Constant noise, explosions and killings are not necessary to keep us interested. But A Most Wanted Man is almost inverted in its determination not to rely on thriller clichés — not that le Carre’s work is rife with car chases and gratuitous bloodshed. I know I’ll get notes saying the film is too “cerebral” for the likes of me.

Hoffman is good — when was he ever not — but it’s a pity that this deeply understated performance, in this gray and unforgiving non-thriller, is his final full contribution. (He will be seen in the next Hunger Games films, but not in starring capacity.)

• SOME things you should plan ahead for, because when they happen, you may miss your chance.

For instance, coming for 18 weeks only, beginning August 28 by the prolific Terrence McNally and will be directed by none other than Jack O’Brien. (Just take my word for it; they are both giant talents even if we don’t always realize it.)

This is a Broadway comedy about the comedy of Broadway and it’ll have a cast to die for:

F. Murray Abraham (he won the Oscar and the Golden Globe for Amadeus)…Matthew Broderick (Tony-nominated; he was the innocent in The Producers)…Stockard Channing (Emmy-winner and theater favorite)… Rupert Grint (in all the Harry Potter movies) …Nathan Lane (he was the villain in The Producers and has won everything but the Kentucky Derby)…Megan Mullally (Emmy-winner for TV’s Will & Grace)… introducing Micah Stock, about whom I know nothing.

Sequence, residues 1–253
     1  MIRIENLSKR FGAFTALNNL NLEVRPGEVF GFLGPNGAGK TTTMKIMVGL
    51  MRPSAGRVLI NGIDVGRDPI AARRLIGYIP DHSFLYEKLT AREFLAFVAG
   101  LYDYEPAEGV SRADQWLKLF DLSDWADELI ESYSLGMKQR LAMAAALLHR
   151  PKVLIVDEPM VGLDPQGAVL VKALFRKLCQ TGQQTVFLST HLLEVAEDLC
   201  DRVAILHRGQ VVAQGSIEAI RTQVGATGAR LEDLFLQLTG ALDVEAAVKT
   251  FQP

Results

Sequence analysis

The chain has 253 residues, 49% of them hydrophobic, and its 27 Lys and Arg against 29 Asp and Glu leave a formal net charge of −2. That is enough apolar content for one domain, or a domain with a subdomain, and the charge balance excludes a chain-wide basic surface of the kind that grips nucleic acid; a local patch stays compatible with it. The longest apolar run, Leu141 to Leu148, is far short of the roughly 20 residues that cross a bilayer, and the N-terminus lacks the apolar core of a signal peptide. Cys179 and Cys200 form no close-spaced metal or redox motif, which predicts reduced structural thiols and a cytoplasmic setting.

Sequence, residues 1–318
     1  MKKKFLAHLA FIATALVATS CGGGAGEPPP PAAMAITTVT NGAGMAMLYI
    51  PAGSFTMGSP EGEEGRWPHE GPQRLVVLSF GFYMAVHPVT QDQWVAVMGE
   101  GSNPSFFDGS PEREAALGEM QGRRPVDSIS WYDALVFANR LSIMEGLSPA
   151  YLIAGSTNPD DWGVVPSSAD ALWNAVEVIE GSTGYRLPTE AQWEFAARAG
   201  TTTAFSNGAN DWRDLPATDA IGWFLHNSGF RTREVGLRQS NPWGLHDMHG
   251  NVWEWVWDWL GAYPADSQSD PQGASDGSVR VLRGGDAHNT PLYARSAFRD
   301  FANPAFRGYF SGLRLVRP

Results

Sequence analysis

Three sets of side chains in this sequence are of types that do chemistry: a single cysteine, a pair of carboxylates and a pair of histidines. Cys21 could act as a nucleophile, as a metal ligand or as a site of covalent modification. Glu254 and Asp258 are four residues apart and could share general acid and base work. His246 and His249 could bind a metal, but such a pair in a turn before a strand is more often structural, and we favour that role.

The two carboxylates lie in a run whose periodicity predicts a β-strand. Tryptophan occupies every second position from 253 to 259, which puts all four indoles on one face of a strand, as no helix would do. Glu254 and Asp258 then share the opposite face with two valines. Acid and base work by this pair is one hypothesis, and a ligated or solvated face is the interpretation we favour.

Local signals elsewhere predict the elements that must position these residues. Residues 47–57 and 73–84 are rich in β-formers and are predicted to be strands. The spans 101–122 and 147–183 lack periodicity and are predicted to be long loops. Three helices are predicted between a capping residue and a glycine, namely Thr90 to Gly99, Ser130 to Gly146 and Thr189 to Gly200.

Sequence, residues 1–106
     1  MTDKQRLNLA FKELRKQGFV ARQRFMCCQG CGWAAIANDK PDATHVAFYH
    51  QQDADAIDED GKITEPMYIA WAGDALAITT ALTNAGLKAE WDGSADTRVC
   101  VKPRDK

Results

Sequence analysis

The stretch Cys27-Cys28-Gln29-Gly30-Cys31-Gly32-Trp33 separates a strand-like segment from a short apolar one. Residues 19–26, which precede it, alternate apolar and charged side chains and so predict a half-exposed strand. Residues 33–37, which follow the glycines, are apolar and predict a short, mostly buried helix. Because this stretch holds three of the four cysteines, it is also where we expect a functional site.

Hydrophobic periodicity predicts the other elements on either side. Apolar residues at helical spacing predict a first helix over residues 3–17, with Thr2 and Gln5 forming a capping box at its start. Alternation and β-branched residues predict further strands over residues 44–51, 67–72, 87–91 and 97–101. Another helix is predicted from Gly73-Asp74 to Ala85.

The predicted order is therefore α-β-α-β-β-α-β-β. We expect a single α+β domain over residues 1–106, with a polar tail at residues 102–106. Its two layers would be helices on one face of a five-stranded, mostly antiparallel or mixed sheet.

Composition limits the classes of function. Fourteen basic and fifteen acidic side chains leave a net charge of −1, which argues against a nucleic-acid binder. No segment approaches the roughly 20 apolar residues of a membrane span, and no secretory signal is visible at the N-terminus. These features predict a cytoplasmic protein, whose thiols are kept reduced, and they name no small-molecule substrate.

These big talents will all happen at the Gerald Schoenfeld Theatre. Don’t let it happen without you! Go to telecharge.com for tickets. Oh, you think they’ll give me free tickets? I can’t be sure, so I’m calling 212-239-6200.

• And then there is Edward Albee’s A Delicate Balance, directed by Pam MacKinnon for 18 weeks only at the John Golden Theater. Previews begin October 20.

This event will ignore all the crazies milling about in Times Square in their Disney and Sesame Streetgarb, picking pockets and ruining a perfectly good tourist attraction of New York.

The play boasts another great cast…John, is “It’s Only a Play.” This has been written Lithgow…Lindsay Duncan…Bob Balaban…Clare Higgins and Martha Plimpton.

The Albee drama itself is a Tony-maker! Telecharge.com or 212-239-6200.

• The Daily News shows us a photo of my pal Taylor Swift, describing this beautiful young singing star as “perfectly primped… never misses a chance to peacock for the paparazzi.”

These days, being famous means you can never ever do the right thing. You’re either half nude and a slob or you’re “peacocking.” There’s no reward except vast amounts of money which you are criticized for earning.